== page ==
When your first job is with Lorne Michaels' production company, you definitely hit the ground running. That is exactly how director and producer John Fortenberry started, and right out of the gate he was working with comedy royalty. By the time his career was in full swing, he had collaborated on some of the edgiest and most recognizable comedy forays in television history.
Born in Jackson, Mississippi, Fortenberry graduated from the film and television department of the University of Mississippi. Immediately after graduation, he moved to New York and got a job at Lorne Michaels' Broadway Video production company. He worked as an editor for eight years before seizing a chance at producing and directing.
In 1985 Fortenberry served as editor on the TV documentary "Whoopi Goldberg: Direct from Broadway"(1986) and the Joe Mantegna and Christine Baranski TV movie "Big Shots in America" (1985). He moved on as editor on the TV movie "Looney Tunes 50th Anniversary" (1986) and began his steady rise up the ladder with a first producing credit on a "Saturday Night Live" (NBC 1975- ) video compilation he also served as editor on, "The Best of Dan Aykroyd" (1986). In 1987, he edited the film of Paul Simon's benefit concert for victims of the South African apartheid township revolts, "Graceland: The African Concert" (1987).
The following year Fortenberry was editor on the film version of the Spalding Gray monologue "Spalding Gray: Terrors of Pleasure" (1988). He was also director and supervising producer on an episode of the critically-acclaimed Canadian ensemble sketch comedy show "The Kids in the Hall" (CBC 1988-95), a project backed by Michaels. In 1992 Fortenberry rolled up his sleeves as supervising producer on 13 episodes of a short-lived sketch comedy review penned by a Who's Who of soon-to-be-huge comedy stars, "The Ben Stiller Show" (FOX 1992-93). He also directed 12 of those 13 episodes.
In 1996, Fortenberry became involved in another star-studded comedy experiment that received very solid critical notices but a tepid audience response, "The Dana Carvey Show" (ABC 1996). The show proved influential, but was too controversial for the network and only lasted seven episodes. Fortenberry then directed four episodes of the television adaptation of the hit movie "Clueless" (ABC 1996-97).
Now well positioned as a television director, Fortenberry shot three episodes of the sitcom "Just Shoot Me!" (NBC 1997-2003) and two of the largely reviled sports sitcom "Arli$$" (HBO 1996-2002). He broke into film with a Will Ferrell/Chris Kattan flop based on a "Saturday Night Live" sketch, "A Night at the Roxbury" (1998) before directing six episodes of an ensemble sitcom featuring an up-and-coming Ryan Reynolds, "Two Guys, a Girl and a Pizza Place" (ABC 1998-2001). Also starting in 1998, the director worked on the wildly popular Ray Romano hit "Everybody Loves Raymond" (CBS 1996-2005), directing six installments over four years.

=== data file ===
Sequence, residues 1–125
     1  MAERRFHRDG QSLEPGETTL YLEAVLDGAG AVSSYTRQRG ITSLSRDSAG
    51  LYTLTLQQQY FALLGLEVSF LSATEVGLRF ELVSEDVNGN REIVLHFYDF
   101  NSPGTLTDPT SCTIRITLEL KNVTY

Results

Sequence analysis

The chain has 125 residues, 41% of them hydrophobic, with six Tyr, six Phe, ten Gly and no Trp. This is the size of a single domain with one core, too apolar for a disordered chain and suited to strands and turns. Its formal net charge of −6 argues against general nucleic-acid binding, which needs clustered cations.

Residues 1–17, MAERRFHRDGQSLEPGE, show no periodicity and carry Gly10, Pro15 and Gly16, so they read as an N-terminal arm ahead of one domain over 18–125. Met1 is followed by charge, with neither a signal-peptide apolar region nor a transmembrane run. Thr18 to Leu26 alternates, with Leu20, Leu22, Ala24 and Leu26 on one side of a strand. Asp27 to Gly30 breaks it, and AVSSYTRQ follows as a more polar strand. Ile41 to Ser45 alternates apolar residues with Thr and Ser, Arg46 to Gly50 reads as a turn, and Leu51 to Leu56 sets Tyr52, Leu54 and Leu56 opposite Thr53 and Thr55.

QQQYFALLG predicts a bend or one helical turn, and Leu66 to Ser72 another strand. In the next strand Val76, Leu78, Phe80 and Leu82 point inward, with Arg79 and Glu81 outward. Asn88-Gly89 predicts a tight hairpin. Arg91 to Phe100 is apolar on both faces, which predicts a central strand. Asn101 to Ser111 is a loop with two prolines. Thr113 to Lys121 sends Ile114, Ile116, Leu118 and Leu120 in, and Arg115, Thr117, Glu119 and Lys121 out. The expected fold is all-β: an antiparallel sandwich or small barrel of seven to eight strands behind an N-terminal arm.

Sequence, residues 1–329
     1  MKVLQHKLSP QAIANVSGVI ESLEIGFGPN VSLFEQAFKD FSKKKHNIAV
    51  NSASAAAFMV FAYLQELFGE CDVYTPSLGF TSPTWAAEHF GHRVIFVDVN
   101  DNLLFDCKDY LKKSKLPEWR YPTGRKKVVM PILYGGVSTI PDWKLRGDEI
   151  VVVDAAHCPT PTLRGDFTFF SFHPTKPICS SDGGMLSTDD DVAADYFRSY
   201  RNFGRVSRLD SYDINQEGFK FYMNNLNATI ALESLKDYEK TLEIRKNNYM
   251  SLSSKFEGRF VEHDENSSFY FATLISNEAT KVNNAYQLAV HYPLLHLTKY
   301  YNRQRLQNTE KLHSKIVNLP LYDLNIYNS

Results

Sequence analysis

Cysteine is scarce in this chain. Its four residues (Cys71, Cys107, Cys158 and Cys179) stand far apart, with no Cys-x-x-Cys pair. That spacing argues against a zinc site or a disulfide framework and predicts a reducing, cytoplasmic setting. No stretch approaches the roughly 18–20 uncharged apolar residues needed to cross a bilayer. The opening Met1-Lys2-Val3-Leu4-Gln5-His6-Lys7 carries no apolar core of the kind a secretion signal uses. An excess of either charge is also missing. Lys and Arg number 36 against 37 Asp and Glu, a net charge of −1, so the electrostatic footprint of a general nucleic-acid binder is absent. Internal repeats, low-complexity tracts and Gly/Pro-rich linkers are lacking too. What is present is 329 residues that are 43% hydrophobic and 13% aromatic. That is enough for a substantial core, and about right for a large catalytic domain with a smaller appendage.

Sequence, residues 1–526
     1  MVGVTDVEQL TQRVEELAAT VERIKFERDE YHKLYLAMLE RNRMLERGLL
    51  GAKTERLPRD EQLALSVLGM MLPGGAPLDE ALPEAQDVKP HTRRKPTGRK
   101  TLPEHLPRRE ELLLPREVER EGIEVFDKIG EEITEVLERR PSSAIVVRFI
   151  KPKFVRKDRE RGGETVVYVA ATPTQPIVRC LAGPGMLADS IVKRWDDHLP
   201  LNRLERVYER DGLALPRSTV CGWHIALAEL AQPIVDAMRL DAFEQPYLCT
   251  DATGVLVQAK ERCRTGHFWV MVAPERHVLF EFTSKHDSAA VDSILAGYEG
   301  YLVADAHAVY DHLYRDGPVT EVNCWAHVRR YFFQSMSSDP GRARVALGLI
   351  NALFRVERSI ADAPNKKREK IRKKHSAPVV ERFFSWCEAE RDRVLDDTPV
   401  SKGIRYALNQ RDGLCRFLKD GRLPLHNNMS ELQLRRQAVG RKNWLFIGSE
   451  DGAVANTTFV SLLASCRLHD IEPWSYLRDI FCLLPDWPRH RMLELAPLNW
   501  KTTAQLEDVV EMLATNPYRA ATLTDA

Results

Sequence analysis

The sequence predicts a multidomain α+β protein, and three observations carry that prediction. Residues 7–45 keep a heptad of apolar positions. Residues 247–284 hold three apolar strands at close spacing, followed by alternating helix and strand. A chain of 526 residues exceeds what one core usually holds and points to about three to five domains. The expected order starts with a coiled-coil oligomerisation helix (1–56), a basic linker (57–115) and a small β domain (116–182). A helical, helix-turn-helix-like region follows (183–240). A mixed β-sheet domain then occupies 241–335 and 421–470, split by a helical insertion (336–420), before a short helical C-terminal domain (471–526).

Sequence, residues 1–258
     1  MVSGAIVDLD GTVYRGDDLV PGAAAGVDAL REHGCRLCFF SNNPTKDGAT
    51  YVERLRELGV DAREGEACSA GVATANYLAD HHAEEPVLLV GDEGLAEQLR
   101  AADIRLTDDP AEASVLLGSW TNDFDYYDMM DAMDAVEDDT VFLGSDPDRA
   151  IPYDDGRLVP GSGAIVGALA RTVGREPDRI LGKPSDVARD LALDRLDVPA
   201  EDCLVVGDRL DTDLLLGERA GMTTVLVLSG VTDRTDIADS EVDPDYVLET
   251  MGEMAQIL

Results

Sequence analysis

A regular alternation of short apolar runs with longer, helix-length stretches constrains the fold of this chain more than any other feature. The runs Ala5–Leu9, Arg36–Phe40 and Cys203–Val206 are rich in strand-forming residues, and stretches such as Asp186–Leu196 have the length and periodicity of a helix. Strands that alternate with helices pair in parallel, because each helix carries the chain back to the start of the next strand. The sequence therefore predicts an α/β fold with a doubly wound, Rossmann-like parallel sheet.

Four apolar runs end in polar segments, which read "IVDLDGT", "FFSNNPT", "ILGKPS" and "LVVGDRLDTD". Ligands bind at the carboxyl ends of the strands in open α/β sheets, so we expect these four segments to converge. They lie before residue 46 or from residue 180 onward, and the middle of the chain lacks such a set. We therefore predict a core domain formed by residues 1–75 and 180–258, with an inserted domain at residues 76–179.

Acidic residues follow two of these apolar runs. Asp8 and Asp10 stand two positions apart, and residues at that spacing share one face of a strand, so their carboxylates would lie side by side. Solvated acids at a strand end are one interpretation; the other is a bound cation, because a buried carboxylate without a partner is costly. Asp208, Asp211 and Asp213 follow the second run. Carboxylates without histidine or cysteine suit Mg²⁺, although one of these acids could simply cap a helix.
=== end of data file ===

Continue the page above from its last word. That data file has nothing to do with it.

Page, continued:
Fortenberry then shot one episode in 2000 for the hit Michael J. Fox series "Spin City" (ABC 1996-2002) and for the flop "Seinfeld" follow-up "The Michael Richards Show" (NBC 2000). He followed that with a decent run on David Alan Grier's sitcom "DAG" (NBC 2000-01), directing ten episodes. In 2002 Fortenberry directed an episode of the snarky Seth Green show "Greg the Bunny" (FOX 2002-06).
In 2002, he oversaw three episodes of the critic's favorite "Andy Richter Controls the Universe" (FOX 2002-03), a show with an extremely strong cult fan base. Between 2004 and 2006, Fortenberry directed one episode a year of another cult favorite with a fanatical base who refused to abandon the show, "Arrested Development" (FOX 2003-06).
In its first season, Fortenberry directed three episodes and was executive producer on seven episodes of one of the few cable shows to reach broadcast syndication, "It's Always Sunny in Philadelphia" (FX 2005- ). The following year, he directed two episodes of the Aaron Sorkin ensemble piece about backstage intrigue on a comedy show based loosely on "Saturday Night Live," "Studio 60 on the Sunset Strip" (NBC 2006-07) during its sole season on the air.
The following year, he worked on an episode of a juicy, short-lived cable show featuring Courteney Cox as a tabloid editor, "Dirt" (FX 2007-08) and an episode of the hugely popular ratings machine "Ugly Betty" (ABC 2006-10). In 2011, Fortenberry completed a long run directing 25 episodes over a six-year span of the award-winning Dennis Leary dramedy "Rescue Me" (FX 2004-11) That same year, Lionsgate hired Fortenberry to direct a sequel to the widely panned comedy film "Fred: The Movie" entitled "Fred 2: Night of the Living Fred" (2011).
The director eked out two episodes during the short run of the critically-praised "Pan Am" (ABC 2011-12), a period drama in the "Mad Men" mold, with Christina Ricci as a stewardess during the early 1960s. In 2013, Fortenberry completed an episode for a midseason replacement "Family Tools" (ABC 2013), which was cancelled after losing more than a million viewers in its second week.
Director (Feature Film)
First TV credit on "Whoopi Goldberg: Direct from Broadway"
Edited Paul Simon's concert documentary "Graceland: The African Concert"
Director of critically-acclaimed but controversial sketch comedy series "The Dana Carvey Show"